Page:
COBWEB CORNERS: Ripple effect of trains up Ute Pass
By Mel McFarland
We have seen that the Denver & Rio Grande ran a train line to Manitou in 1880. Its little stone depot had an unusual history. An English church had been copied for Mrs. Bell, and was to serve as the Episcopalian's chapel in Manitou. But as the railroad was built, it became evident that the church would be right next to the track. So it became a quaint railroad station, and a small frame chapel was built near the Manitou House.
The little Manitou train made the 20-minute trip between the ends of the line four times a day. After the first year of operation, a small engine house and turntable allowed the little engine to start every morning in Manitou, if needed. In the summer the railroad was quite busy, but in the winter service was reduced to twice a day, morning and evening.
The plan to build farther west had not completely died. There was a strong desire to tap the area behind Pike's Peak, plus build a shorter route to Leadville and a possible South Park connection. Once the Manitou branch was finished, the D&RG spent $19,726.34 for surveys and preliminary work, including land purchases in Ute Pass. Dr Bell was the principal advocate of the plan. He already had a lumber railroad at Manitou Park, having hauled an engine and cars up the pass in 1874. Connecting to that line would help get lumber down into the towns being built around Colorado Springs.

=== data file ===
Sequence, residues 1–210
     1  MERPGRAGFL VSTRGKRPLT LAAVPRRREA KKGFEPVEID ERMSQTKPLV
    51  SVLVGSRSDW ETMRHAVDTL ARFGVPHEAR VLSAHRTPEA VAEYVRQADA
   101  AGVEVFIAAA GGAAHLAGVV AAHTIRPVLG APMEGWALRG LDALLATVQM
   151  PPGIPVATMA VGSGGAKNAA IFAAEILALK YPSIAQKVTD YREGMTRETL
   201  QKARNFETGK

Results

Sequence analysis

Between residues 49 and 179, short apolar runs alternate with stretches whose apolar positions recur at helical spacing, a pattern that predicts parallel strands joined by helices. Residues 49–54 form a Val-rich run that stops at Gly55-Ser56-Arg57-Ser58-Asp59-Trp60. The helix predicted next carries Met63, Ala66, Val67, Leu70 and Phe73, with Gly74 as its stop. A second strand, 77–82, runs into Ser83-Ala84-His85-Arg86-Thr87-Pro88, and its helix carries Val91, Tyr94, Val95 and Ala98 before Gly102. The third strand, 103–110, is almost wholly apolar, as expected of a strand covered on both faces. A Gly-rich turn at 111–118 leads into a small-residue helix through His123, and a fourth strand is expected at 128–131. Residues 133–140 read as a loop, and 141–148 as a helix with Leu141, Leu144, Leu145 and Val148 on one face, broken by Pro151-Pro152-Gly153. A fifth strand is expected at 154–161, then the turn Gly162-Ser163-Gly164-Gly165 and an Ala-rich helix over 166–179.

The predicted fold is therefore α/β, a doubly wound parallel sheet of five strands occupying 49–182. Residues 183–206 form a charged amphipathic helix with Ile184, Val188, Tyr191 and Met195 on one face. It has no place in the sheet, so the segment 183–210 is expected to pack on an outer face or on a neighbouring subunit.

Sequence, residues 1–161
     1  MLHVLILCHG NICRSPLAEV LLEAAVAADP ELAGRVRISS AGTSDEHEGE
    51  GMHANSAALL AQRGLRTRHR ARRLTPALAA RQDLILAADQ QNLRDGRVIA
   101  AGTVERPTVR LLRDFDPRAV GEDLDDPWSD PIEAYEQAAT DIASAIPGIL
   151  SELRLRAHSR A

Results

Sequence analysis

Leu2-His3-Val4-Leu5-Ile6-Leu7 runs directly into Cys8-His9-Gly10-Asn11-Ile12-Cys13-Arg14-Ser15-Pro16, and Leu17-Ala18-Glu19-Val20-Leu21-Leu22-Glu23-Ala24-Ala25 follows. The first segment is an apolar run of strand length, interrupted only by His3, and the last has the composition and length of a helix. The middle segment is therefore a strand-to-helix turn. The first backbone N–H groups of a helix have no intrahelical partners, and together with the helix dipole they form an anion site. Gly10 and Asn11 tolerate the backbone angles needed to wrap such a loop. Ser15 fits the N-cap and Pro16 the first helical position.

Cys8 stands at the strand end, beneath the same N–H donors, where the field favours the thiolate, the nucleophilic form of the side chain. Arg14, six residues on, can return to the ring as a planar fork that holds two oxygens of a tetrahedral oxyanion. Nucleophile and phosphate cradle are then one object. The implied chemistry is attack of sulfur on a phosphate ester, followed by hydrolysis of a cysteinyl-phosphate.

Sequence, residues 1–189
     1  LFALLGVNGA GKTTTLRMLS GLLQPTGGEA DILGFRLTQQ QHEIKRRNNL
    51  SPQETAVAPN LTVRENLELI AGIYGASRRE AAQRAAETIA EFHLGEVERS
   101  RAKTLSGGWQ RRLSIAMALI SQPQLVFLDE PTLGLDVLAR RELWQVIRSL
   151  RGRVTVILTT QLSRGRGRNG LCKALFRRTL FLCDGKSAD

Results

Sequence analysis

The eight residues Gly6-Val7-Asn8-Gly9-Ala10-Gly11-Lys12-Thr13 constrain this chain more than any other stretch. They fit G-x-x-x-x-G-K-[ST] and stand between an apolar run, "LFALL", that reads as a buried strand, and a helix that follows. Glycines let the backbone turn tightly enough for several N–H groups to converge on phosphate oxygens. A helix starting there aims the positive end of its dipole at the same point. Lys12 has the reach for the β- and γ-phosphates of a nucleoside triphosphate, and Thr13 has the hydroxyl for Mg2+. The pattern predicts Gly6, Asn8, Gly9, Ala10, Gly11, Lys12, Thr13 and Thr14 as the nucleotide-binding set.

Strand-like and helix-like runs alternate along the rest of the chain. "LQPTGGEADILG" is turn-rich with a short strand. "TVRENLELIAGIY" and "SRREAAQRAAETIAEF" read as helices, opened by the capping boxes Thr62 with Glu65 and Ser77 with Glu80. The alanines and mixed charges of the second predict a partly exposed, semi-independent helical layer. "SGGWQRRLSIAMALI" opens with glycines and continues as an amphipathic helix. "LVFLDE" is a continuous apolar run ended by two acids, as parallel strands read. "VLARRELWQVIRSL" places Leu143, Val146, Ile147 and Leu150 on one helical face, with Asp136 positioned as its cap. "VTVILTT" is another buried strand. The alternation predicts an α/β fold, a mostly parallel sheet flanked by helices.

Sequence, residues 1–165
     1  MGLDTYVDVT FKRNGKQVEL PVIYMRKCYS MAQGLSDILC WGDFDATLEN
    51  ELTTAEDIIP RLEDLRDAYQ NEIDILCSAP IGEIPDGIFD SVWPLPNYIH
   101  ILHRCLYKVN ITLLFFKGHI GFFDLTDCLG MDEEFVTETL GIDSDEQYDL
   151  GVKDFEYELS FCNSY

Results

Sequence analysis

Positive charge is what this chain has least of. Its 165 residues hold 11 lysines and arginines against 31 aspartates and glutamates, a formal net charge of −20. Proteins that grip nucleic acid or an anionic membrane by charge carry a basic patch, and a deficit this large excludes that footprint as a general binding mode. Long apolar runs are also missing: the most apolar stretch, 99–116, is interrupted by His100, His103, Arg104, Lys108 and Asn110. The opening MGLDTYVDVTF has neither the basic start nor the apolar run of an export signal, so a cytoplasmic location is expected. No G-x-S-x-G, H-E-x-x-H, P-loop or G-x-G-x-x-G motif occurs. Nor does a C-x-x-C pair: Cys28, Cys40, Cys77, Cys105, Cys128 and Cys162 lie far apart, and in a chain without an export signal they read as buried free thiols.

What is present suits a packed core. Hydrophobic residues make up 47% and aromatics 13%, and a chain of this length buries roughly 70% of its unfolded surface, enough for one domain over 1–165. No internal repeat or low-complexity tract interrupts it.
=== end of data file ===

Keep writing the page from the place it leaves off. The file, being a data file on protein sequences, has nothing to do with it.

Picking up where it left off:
The D&RG decided Ute Pass was too difficult for a railroad. But several years later another group started the Colorado Midland, which built a line through there in 1886. When the line was opened, the little towns west of Manitou were started. Only Florissant had been there before the Midland built west. It had been on a wagon road between Colorado City and Leadville.
The construction of the Midland also influenced the Rock Island to build to Colorado Springs. This influenced town building on the eastern plains along the railroad. Falcon, Peyton, Calhan and the towns along US 24 and I-70 east of Limon were built while the Rock Island was moving west. Today, now that the tracks from Limon to Colorado Springs are gone, it is hard to tell that a railroad was ever there. This, all because the Midland went up Ute Pass!